[CentOS] when to reboot after updates

Les Mikesell lesmikesell at gmail.com
Thu Apr 9 18:07:53 UTC 2009


Scott Silva wrote:
> 
>>>> You only *really* need to reboot if/when you update the kernel. Yum/RPM
>>>> takes care of restarting daemons, etc. during the update process.  This
>>>> is NOT MS-Windows....
>>> Yes, but any program that is already running will keep using the old 
>>> versions of the program, libraries, open files, etc., retaining the disk 
>>> space and not sharing the in-memory copy with new instances that start 
>>> after the update.  And since modern programs like to dynamically load 
>>> library modules as needed while running you can get a strange mix of 
>>> old/new versions running at once.
>> Generally, this is not as bad as it seems.  In some cases, some updates
>> do restart critical daemons (rpm -hUv glibc... will restart sshd for
>> example). Also, since most critical library updates also imply a similar
>> update for the deamons/programs that use those libraries and since the
>> rpms for the deamon programs do restart the deamon they install/update,
>> in most cases the deamons do get restarted at some point during the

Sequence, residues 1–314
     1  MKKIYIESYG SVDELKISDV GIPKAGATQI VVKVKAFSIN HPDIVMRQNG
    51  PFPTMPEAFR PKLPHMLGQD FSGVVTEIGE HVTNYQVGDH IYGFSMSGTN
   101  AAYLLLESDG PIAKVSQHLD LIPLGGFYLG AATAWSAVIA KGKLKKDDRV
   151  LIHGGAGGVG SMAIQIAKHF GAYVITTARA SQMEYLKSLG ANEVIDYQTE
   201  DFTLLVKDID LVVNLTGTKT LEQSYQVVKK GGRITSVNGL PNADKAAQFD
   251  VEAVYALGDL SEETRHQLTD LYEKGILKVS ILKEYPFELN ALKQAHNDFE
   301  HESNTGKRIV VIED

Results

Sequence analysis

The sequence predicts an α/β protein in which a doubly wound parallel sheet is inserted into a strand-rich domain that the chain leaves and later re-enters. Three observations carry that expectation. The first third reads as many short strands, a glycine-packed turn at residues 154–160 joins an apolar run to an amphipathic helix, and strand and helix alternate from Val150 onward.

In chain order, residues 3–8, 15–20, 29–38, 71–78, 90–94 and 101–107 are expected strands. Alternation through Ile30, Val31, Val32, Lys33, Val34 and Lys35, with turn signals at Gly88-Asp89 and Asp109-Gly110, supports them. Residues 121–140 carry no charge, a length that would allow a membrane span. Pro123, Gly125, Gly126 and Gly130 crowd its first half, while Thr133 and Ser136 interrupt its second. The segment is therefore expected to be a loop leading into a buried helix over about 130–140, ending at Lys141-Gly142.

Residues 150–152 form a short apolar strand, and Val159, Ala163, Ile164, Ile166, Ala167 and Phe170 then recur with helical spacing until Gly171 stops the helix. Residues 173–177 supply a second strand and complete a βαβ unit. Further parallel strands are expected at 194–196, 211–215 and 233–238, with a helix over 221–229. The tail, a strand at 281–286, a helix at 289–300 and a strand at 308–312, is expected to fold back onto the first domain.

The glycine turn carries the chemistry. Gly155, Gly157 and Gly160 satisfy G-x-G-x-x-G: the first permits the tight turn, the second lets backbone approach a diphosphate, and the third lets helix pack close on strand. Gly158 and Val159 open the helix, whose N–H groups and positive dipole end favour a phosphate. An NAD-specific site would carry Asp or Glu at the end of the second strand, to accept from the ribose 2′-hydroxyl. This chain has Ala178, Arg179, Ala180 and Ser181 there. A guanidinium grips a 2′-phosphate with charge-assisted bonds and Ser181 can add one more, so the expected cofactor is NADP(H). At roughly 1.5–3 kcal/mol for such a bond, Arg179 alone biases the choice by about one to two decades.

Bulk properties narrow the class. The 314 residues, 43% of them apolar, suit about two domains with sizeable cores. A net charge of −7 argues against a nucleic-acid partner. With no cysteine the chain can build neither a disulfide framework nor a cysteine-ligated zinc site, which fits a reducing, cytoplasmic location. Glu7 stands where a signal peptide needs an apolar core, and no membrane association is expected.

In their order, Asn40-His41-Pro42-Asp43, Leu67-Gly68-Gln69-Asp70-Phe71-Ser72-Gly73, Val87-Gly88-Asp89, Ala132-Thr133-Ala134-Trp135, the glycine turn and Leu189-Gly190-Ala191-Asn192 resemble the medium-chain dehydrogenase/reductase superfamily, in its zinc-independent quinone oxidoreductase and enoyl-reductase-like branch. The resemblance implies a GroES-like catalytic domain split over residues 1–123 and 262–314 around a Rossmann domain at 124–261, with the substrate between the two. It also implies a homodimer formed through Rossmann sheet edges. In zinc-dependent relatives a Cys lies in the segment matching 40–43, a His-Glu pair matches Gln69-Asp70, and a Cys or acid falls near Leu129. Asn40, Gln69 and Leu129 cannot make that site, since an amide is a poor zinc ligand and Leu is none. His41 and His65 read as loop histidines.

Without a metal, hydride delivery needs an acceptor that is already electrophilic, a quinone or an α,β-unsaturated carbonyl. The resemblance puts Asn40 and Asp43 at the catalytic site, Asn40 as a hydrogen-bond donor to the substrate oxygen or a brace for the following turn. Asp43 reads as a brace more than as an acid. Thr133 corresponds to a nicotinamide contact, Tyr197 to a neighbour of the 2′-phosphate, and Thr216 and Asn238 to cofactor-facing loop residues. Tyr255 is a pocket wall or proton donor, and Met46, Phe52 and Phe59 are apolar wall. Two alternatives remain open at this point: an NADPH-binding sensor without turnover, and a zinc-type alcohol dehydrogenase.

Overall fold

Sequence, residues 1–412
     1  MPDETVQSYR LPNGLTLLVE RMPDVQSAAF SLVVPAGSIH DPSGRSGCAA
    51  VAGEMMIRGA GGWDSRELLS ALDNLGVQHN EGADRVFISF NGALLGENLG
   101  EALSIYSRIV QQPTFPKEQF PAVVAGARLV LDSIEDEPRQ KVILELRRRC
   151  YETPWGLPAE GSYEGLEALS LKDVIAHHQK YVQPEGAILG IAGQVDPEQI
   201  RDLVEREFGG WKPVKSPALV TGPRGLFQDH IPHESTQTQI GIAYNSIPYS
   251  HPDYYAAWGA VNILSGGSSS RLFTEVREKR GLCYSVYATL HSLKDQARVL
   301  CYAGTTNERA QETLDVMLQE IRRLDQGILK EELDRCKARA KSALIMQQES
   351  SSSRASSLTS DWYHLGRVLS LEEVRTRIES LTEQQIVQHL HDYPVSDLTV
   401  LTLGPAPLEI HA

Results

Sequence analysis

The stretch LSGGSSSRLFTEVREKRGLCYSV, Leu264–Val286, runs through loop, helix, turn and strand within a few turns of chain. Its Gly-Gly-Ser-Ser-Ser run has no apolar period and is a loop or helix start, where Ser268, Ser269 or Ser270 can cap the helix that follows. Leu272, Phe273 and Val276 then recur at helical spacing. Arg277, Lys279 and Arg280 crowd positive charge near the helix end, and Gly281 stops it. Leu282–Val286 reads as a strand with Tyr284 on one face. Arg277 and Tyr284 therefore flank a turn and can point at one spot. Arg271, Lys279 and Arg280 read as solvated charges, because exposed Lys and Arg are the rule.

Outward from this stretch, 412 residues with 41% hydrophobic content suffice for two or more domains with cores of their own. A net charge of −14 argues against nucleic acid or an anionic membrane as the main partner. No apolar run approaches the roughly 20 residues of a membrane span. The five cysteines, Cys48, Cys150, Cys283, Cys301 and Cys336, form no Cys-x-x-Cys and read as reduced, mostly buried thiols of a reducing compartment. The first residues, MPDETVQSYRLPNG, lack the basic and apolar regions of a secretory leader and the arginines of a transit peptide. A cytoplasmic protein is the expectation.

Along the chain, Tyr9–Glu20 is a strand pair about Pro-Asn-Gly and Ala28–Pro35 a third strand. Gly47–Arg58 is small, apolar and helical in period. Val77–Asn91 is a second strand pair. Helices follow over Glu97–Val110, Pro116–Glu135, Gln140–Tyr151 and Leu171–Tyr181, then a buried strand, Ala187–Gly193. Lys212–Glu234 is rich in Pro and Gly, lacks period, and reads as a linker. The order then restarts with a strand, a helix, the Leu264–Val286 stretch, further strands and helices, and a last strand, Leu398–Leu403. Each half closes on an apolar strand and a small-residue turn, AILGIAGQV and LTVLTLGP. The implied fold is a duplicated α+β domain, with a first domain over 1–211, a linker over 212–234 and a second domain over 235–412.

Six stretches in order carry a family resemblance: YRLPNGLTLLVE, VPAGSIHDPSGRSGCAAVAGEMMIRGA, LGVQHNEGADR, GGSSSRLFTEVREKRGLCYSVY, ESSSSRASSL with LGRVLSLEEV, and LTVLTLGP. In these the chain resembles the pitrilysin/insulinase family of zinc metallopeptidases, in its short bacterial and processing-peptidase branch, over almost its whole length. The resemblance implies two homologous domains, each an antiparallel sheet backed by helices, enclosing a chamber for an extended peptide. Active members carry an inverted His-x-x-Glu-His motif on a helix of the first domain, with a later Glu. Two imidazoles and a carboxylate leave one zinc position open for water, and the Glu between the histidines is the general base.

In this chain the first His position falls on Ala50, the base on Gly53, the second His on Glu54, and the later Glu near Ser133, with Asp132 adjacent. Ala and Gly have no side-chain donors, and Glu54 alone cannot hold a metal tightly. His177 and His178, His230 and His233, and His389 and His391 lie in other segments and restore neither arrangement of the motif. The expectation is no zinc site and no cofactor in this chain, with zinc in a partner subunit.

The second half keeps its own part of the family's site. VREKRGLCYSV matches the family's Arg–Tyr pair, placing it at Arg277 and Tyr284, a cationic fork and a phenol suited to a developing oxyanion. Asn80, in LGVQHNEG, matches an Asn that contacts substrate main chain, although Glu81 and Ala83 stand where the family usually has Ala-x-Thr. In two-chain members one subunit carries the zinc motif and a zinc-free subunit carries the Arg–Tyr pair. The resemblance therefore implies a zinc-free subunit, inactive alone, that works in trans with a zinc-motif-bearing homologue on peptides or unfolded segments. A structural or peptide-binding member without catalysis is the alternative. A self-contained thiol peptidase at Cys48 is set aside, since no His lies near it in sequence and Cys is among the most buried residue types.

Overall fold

>> update process -- that is, since httpd (Apache) depends on apr and when apr
>> gets a critical update, it is very likely that the httpd program would
>> also be rebuilt as well, so that both rpms are updated in the repo.  A
>> 'yum update' will install the new apr rpm, then the new httpd rpm and at
>> that point restart httpd, this picking up the new apr library.
>>
>>
> Sometimes you just have to know your system. Like if you update a sendmail
> milter, you would need to restart sendmail also, but if the rpm developer
> didn't write that into the %post section you would want to do it yourself.

You have some chance of 'knowing' the server side of things - a lot less 
about what other users might be running.  What should you expect if you 
have logged in users over freenx, remote X or at the console running 
(say) firefox through an update?  Or other long running applications, 
especially in languages likely to dynamically load new components.

And in one case, I got kicked off of my ssh connection in mid-update. 
I'm still not sure what happened there but I had to install yum-utils 
and run yum-recover-transaction to continue.

-- 
   Les Mikesell
     lesmikesell at gmail.com



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